We are now ready to do the exhilarating part. Lets pour some wine—I mean paint, or both. Anyhow, pictured below is the smorgasbord of paint I used for this piece.
You may use any kind you would like. The Golden paint is highflow acrylic and I usually do a one to 10 ratio of the Golden paint to Floetrol. For this project, I would recommend a three to 10 ratio of the Golden paint to Floetrol. The rest of the paint brands (Craftsmart, Apple Barrell, and DecoArt) I use a 50/50 ratio of paint to Floetrol. Although I would recommend a ratio higher in paint for any 3D project. You want the paint to flow nicely, but you also do not want it to slide right off.
After my paint had all been mixed to the desired consistency, I added a small drop of 3-in-1 Silicone to each color. The next step was to layer my paint in one cup. Each color was layered in the cup in order from light to dark. Repeating the layers of paint color twice. Now you are ready to pour your heart out. I used half of the dirty pour cup and let the paint settle, after leaving it for a little, I continued to add small amounts of the dirty pour cup at a time. The details really come out more when the paint sets up.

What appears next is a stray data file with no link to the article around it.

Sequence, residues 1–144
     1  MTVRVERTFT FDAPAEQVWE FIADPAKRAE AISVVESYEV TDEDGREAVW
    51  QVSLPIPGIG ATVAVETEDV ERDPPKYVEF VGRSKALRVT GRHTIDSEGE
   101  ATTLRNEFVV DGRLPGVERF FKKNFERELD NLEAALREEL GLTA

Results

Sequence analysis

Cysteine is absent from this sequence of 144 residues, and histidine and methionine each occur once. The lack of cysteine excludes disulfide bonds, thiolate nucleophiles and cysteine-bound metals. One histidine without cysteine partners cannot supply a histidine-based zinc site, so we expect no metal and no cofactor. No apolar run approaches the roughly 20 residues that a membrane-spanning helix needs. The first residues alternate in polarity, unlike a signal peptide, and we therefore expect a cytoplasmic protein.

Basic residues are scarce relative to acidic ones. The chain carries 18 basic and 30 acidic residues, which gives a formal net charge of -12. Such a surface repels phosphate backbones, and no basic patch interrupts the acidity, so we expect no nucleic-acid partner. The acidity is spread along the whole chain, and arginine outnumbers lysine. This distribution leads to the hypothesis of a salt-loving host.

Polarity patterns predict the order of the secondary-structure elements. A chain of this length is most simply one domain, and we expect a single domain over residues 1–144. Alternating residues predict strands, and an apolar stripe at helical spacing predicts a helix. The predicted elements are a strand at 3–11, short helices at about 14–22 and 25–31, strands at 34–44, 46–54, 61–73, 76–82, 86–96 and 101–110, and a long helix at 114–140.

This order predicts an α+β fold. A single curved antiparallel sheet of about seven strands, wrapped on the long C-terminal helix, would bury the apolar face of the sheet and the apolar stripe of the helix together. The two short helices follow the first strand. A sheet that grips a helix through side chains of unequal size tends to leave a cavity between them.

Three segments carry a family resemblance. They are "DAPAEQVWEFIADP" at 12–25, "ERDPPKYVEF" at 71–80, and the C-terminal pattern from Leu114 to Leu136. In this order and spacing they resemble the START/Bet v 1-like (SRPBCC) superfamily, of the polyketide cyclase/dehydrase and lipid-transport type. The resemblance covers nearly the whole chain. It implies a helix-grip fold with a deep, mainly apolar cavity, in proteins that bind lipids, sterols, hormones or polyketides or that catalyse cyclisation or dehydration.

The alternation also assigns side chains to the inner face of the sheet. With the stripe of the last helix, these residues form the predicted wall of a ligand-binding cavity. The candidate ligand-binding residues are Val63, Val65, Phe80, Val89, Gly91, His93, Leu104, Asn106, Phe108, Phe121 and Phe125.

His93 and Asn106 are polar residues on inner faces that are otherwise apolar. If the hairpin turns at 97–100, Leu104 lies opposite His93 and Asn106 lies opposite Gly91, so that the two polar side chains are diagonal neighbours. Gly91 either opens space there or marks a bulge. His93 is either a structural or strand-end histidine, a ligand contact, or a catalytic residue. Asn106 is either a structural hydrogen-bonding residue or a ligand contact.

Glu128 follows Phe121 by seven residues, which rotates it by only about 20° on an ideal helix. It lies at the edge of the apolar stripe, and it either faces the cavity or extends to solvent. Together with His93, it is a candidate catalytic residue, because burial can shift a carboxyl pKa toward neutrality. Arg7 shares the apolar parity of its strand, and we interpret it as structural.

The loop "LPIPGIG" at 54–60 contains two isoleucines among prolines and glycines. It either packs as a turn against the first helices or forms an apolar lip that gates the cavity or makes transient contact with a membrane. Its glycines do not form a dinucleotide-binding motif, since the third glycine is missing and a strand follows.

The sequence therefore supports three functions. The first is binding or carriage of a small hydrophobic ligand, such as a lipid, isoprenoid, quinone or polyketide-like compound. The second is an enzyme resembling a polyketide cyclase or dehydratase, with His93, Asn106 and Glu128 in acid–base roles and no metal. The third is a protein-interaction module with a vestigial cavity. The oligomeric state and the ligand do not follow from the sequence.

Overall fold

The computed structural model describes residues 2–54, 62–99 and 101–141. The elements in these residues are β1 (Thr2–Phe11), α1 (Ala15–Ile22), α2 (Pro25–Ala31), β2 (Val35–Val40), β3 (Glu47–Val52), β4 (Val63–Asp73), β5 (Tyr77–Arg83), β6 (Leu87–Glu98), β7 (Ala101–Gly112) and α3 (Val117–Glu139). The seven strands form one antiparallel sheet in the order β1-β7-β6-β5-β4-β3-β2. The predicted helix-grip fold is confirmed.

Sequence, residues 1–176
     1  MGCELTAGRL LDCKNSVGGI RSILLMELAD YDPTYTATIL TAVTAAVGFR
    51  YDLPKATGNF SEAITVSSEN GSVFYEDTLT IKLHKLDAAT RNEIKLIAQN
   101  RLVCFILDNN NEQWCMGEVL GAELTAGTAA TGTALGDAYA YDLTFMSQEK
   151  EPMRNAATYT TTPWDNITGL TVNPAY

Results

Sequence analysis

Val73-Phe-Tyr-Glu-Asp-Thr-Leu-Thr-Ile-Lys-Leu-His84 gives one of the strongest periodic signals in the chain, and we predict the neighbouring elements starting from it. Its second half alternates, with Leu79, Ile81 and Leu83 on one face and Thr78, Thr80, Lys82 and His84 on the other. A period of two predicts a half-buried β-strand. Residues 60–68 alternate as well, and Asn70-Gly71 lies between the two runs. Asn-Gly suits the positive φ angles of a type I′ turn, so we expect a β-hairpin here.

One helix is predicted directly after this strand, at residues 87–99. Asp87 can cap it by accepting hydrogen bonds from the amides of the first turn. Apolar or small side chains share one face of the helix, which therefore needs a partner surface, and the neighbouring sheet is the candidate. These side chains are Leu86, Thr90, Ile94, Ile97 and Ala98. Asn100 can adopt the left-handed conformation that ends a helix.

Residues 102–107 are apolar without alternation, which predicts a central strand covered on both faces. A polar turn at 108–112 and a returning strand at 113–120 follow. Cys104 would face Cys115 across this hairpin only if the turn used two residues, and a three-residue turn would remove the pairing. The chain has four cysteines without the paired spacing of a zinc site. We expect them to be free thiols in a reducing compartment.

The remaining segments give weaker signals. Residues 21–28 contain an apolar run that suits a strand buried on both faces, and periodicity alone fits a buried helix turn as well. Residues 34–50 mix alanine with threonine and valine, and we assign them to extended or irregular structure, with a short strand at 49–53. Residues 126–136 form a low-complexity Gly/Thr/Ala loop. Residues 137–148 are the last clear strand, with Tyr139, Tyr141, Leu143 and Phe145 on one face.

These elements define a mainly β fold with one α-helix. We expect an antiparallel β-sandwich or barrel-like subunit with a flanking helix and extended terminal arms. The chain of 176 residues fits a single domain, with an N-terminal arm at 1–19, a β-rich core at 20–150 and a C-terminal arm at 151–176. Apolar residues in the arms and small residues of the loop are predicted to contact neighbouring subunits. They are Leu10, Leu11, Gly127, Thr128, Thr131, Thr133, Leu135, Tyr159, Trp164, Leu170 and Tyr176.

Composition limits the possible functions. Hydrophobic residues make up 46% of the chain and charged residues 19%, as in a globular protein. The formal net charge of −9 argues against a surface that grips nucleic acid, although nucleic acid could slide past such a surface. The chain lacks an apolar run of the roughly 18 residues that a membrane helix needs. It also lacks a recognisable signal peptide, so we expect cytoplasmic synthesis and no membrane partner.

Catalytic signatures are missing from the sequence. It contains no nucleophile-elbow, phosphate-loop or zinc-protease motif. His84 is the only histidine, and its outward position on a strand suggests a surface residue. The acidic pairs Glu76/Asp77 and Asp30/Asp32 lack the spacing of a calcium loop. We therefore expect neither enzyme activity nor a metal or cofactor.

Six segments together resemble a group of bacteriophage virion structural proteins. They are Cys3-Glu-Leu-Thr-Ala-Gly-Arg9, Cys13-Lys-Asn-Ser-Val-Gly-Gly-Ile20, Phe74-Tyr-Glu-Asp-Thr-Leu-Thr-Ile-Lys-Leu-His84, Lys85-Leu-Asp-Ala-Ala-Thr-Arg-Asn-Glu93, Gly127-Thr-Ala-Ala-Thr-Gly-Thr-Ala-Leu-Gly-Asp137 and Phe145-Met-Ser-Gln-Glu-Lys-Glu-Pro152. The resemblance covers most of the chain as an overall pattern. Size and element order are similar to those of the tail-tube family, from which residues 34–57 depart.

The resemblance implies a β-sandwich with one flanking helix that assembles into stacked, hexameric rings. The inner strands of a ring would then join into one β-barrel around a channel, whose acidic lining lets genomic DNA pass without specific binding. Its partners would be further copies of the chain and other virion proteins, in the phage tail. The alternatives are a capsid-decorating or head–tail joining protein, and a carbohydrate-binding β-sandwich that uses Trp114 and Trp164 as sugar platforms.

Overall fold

You can really go crazy with 3D objects and give a completely new life to your pour.
After letting the skull dry completely for a few weeks, I started the finishing of the skull. I used Krylon Matte finish in the spray can. This topcoat I have discovered will help with absorption of any silicone left in the piece from the pour.
The next day I applied Polycrylic with a soft brush to all areas of the skull, once again flipping the skull over to get all angles. After the second Polycrylic coat on both sides were dry, I poured the Polycrylic inside the skull and moved it around to give it an even coat on the inside as well.
The finished product for this piece was a radiant, sleek skull. It really is not the same in pictures as it is in person. Feel free to leave me feedback and ask any questions you may have!
Alisha is a visual artist based in the Blue Ridge Mountains of Virginia. She is a self-taught artist specializing in fluid acrylic painting, artistic furniture, and abstract drawing. Alisha recently started creating art again after the birth of her son and a battle with postpartum depression. Her work features key themes which explore the associations of color and emotion, namely, the ability of color to inspire and promote positive emotions such as happiness, joy, and wonder. She is a mother, artist, and a mess from time to time.
1 thought on “One Bad to The Bone Pour”
Hi Alisha, I love the skull and appreciate your article.
When you say,
“I would recommend a three to 10 ratio of the Golden paint to Floetrol.”
are you saying 3 parts paint and 10 parts Floetrol? I think you are but want to be sure it isn’t the other way around (3 Floetrol, 10 paint).
I’ll be doing a 3-D pour soon and your article is very helpful. Is it better to have thicker or thinner for 3-D?